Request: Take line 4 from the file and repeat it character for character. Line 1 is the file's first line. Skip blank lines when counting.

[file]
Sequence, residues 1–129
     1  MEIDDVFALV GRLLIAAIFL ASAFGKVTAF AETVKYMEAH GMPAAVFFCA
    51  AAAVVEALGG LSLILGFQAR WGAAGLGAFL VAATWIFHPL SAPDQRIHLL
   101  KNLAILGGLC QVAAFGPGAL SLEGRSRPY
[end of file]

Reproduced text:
   101  KNLAILGGLC QVAAFGPGAL SLEGRSRPY